Mushrooms in the lawn may cause many different reactions depending on the individual. The fungi obsessed may marvel at the new species that popped up overnight, while the gardener or homeowner may sigh and be plotting how to rid them for good. Others may be rightfully worried that they could pose a significant health risk to their toddler or pet.
There are a variety of mushrooms that commonly show up in lawns and gardens. Some of them are harmless, and some of them are deadly. Some of them are exotic and last only a few days, and some of them are are regarded as pests that can destroy vegetative growth and wreak havoc on healthy gardens and may persist for long periods of time.
In this article, we are going to take a look at the six most common mushrooms that grow in the yard. Then we will explore the seven most common poisonous mushrooms that account for nearly all reported child and dog poisonings. We will end discussing why they grow, what to do about them, and some precautions and steps to take to minimize the chance of any mushroom poisonings.
Shaggy Mane, Coprinus comatus
This interesting mushroom is also known as shaggy ink cap and lawyer’s wig. It commonly grows alone or in clusters or rings in lawns and on the side of gravel roads and flowerbeds. It is edible and well-known in China for its great taste, where it is cultivated for food. It does not keep well, rapidly disintegrating once it is picked or once it releases spores. When young, they will last about 48 hours in the fridge.
It grows as a cylindrical cap anywhere from 3-15cm in diameter that opens up into a bell shape as it ages. The caps are white and scaly and the gills are initially white and turn pinkish then black with age. The gills secrete a black liquid filled with spores when the mushroom decomposes. As such, the spore print is black.
Stinkhorn, Mutinus caninus
Stinkhorns are a group of fungi in the Phallaceae family common east of the Rocky Mountains in the summer and fall. These exotic-looking fungi are found in shady damp mulch and compost piles in yards, gardens, and parks. The stinkhorn is a unique mushroom with an accurate name. It is known for its characteristic, putrid smell originating from a slime that covers its fruiting body at some stage of development. The particular species above has a horn-like appearance, growing from an oval structure called an “egg”. This smell helps attract insects like flies that allow it to distribute its spores. Stinkhorns are not poisonous to humans, pets, or nearby plants, and when found in the yard, are probably going to be around for only a few days.
Pinkish to orangish spikes 4-17cm high with a spongy texture originating from white “eggs” in the ground. Olive-brown slime covering 2-3cm of the tips. Sack-like vulva at the base of the spike.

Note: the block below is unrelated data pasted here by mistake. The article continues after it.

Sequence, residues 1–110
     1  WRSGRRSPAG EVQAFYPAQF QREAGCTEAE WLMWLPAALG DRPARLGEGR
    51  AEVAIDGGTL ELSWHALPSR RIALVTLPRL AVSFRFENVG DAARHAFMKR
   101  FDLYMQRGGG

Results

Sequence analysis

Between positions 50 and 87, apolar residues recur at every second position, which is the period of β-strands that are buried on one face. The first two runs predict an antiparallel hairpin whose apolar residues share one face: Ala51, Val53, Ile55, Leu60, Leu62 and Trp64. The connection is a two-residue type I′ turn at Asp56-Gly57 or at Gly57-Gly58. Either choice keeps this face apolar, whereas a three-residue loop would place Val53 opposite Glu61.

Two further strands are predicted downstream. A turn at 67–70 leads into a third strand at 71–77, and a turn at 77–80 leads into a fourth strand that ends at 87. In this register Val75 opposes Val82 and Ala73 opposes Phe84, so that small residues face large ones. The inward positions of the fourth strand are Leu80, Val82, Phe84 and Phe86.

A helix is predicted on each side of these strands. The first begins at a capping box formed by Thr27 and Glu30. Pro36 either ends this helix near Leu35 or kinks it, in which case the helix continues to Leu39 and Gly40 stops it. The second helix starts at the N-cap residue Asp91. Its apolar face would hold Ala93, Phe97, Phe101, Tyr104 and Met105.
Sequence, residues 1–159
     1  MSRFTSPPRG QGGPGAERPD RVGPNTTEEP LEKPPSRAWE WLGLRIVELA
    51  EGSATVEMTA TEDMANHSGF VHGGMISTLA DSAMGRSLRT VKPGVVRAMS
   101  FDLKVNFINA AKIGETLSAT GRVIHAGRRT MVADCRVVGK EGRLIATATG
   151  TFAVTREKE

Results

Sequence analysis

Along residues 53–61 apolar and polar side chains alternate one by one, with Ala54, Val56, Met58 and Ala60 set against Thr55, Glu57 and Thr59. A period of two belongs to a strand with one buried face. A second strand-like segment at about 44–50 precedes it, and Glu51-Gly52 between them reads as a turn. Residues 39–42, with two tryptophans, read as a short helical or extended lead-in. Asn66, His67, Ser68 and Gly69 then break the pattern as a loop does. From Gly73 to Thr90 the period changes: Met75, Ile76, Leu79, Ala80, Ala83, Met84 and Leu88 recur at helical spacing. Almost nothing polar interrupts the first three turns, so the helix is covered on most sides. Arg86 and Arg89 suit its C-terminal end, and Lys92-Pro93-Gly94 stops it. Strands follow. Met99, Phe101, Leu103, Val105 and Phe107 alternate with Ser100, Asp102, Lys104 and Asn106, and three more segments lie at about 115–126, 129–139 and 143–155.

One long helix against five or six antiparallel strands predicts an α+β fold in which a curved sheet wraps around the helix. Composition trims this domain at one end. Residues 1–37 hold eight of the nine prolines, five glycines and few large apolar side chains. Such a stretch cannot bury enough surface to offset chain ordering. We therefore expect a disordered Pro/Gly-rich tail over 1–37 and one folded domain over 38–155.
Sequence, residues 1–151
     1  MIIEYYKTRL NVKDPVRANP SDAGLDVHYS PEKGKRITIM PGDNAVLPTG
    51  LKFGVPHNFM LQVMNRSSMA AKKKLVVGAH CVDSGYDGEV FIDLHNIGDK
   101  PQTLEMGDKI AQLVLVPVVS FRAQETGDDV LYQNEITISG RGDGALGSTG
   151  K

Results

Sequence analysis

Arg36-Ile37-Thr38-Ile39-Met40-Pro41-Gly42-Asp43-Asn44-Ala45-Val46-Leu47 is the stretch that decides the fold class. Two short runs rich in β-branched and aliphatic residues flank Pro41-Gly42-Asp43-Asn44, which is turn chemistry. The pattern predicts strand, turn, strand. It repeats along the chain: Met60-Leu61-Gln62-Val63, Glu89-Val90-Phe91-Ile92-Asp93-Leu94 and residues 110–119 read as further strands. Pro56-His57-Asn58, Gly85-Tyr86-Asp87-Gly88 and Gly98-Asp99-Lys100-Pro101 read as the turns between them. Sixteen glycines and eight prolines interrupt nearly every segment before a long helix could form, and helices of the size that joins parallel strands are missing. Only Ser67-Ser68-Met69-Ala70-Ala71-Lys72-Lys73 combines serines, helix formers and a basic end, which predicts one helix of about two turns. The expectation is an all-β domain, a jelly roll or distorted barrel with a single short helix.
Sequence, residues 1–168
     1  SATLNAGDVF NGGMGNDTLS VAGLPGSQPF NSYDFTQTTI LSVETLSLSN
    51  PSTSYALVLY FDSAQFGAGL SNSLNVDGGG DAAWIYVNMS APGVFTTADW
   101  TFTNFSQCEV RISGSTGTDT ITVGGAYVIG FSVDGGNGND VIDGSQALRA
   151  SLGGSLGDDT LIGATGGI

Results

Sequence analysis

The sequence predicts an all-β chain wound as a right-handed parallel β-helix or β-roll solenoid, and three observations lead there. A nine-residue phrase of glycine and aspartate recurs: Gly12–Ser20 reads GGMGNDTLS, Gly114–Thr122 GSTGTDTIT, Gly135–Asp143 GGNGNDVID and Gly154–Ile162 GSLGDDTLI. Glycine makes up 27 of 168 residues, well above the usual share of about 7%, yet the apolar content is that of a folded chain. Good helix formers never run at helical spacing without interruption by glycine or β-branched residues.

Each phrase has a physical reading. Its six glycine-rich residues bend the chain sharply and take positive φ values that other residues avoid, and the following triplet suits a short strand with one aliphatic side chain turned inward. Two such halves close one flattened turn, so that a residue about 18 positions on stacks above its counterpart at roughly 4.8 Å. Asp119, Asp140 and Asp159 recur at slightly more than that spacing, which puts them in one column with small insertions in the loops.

Puffballs are common spherically-shaped mushrooms found in lawns in the warm, rainy late summer months. While they are usually less than an inch in diameter, the giant puffballs, or Calvatia gigantea, can reach over 12 inches in diameter. They are generally non-poisonous and not considered pests in lawns. Some puffball species (including the giant puffball) can be eaten while young and have a mild, earthy flavor and a spongy texture that soaks up sauces. Later in their maturity they are non-edible, tough and woody. Some puffballs look similar to immature deadly mushrooms like the death cap and destroying angel. To differentiate, foragers will cut the mushroom in half lengthwise. Puffballs will be all-white inside and show no signs of gills.
White or off-white color inside and outside.Rather than the common mushroom shape of open caps and exposed gills, puffballs produce their spores internally and release them when they split open near the end of their lifecycle. After maturing, they are yellowish on the inside with purple or green spores.
Although the name seems friendly, these mushrooms are dreaded in gardens around the world. This parasitic fungi of about 10 total species lives on trees and woody shrubs, usually in clusters. It is one of the most destructive fungi in gardens, where it attacks and kills the roots of plants and coniferous trees and decays the organic matter, otherwise known as white rot root disease. It is one of the largest living organisms in the world, researchers have found that its mycelium have been known to stretch over a few square miles. Bioluminescent. It is widespread throughout Britain, Ireland, some parts of mainland Europe, and North America. They are edible and known for their sweet, nutty flavor.
The honey fungus has a convex cap is 5-15cm in diameter and ranges from yellow to red-brown with darker shades in the center. Stems are white when immature but turn yellow or yellow-brown with age. There is a pale yellow stem ring. Gills are attached. Spores are pale creamy white. The mycelium is black.
This mushroom is aptly named because it commonly meets its demise from the rotating blade of lawnmowers across North America. Extremely common little brown mushrooms (LBMs) widely scattered on lawns, meadows, and grassy areas. Found from early summer to fall. Possibly psychoactive, not recommended for eating. Can cause sickness in animals and toddlers.
This mushroom has a small size (1.5-3cm cap, 6-10cm stem). It’s habitat is solely grass. Spore print is dark brown to purplish brown. No partial veil or ring on stalk. Cap is conical or convex, sometimes with a central hump. Cap changes color as it dries out, changing from dark brown to pale grayish, tan or buff in shades.
Very common small and fragile mushroom found in North America and Europe growing in short, green grass. Pops up commonly in humid, rainy weather. Might grow in the yard on sunny mornings while there is dew and disappear by the sunny afternoon. Can be found from spring to the end of fall. It is toxic (contains trace amounts of phallotoxins) but not known to be deadly.
Cap is pale cream to silvery-white and sometimes darker in the middle. Hood-shaped conical cap is up to 3cm in diameter, flattens with age. Gills are free and visible, release spores that are brown to reddish-brown under spore print.
These species account for the overwhelming majority of mushroom poisonings and fatalities among toddlers, dogs, and even adults. If you suspect these might be in your yard, be sure to remove them from the base as soon as possible and keep a close eye on playing children and dogs.
This genus of mushroom includes the most dangerous yard mushrooms. We will be focusing on four toxic varieties, the death cap and destroying angel, panther cap, and fly agaric.
Death caps are the number one cause of fatal mushroom poisonings in the world, due to their amatoxins that cause liver and kidney failure. Death caps were originally found in Europe, but are now distributed worldwide and are becoming increasingly more common in the western United States. They can be found growing around grassy areas in lawns and parks or at the edge of woodlands near oak trees in the autumn.